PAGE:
Although animals with normal blood sugar are largely unaffected,8-10 gymnema has been shown to cause increased insulin release from isolated islet cells as well as from animals with an intact pancreas.11,12 However, the pancreas is not essential for gymnema’s action as it can still normalize blood sugar in animals without any remaining beta-cell function.11 Actions of the herb have been identified that involve the liver and a variety of hepatic enzymes that regulate glucose production and storage, which favors glucose uptake from blood into cells.13 Some evidence exists for a reduction in absorption of glucose from the small intestine,14 and results of some animal trials have even suggested that gymnema may protect the pancreas from toxins and promote beta-cell regeneration.11,15 These last two actions have not been studied or observed in humans. An additional concern in people with diabetes is dyslipidemia. Gymnema also has been shown to increase fecal excretion of cholesterol but not bile acids in rats.16
The most unique action of gymnema involves its ability to decrease the perception of sweet taste. Traditionally, after chewing the fresh leaf, it was noted that the sense of sweetness was decreased for up to two hours. Bitter tastes also are obscured but not other taste sensations such as salty, pungent, acidic, or astringent.17 The constituents that are most responsible for this effect are the gymnemic acids and gurmarin. This effect is achieved by a direct action on the chordae tympani or sensory efferent nerves responsible for transmitting the sweet perception.18 This may be a clinically significant effect. Subjects who were previously exposed to a gymnema solution ate fewer total calories when offered ad libitum access to typical junk food. The effect was attributed to the change in sweet sensation and accompanying decrease in appetite caused by gymnema.19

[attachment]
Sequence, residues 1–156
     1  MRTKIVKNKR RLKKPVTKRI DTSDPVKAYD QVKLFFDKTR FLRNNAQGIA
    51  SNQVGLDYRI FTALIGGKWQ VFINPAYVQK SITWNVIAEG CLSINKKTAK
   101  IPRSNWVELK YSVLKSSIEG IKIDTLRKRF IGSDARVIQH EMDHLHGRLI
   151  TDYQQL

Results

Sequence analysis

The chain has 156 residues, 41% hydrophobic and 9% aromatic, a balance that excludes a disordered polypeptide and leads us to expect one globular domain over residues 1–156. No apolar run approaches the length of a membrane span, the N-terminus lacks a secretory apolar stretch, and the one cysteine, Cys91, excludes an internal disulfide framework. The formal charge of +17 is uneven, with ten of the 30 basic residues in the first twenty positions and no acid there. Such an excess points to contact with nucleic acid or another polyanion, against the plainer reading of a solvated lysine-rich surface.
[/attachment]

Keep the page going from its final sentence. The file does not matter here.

Clinical Trials: Diabetes
Human clinical trials studying the effectiveness of gymnema on Type 1 and 2 diabetes mellitus are limited and most are flawed in their methodology. The number of eligible studies is further limited by the fact that many gymnema trials use proprietary multiple herb combinations. The following five studies described are single herb trials of gymnema.
A case series of eight Type 2 diabetic patients given 10 mg of dried Gymnema sylvestre leaf powder for 21 days found a statistically significant reduction in fasting blood glucose of 50.5 mg/dL and reduction in two-hour post-prandial blood glucose levels of 40.5 mg/dL at 21 days (P < 0.05) as compared with the same patients prior to treatment with gymnema.20 The study also found a non-significant increase in body weight of 0.9 kg in the subjects during this same 21-day period. There was no comparison group for this trial.
The same author published a controlled clinical trial in 1992 involving three research arms: Sixteen healthy volunteers received gymnema, and 43 Type 2 diabetic patients received either gymnema or tolbutamide (an oral hypoglycemic agent at a typical therapeutic dose) for a total of 21 days.21 The patients were not assigned to groups randomly and neither the patients nor the investigators were blinded. The non-diabetic patients experienced a significant reduction in fasting blood sugar (FBS, from 80.8 mg/dL to 71.6 mg/dL) at day 7. The diabetic patients in the gymnema treated arm experienced significant reductions in both FBS (152 mg/dL to 133 mg/dL) and post-prandial blood sugar (PPBS, 215 mg/dL to 142 mg/dL) at 21 days. The diabetic patients in the tolbutamide treatment arm also showed significant reductions in both FBS and PPBS at day 7, but not at day 14. Decreases also were reported in total cholesterol for both diabetic and non-diabetic patients (284 mg/dL to 244 mg/dL and 217 mg/dL to 200 mg/dL, respectively). P values were not provided for this short, non-randomized study.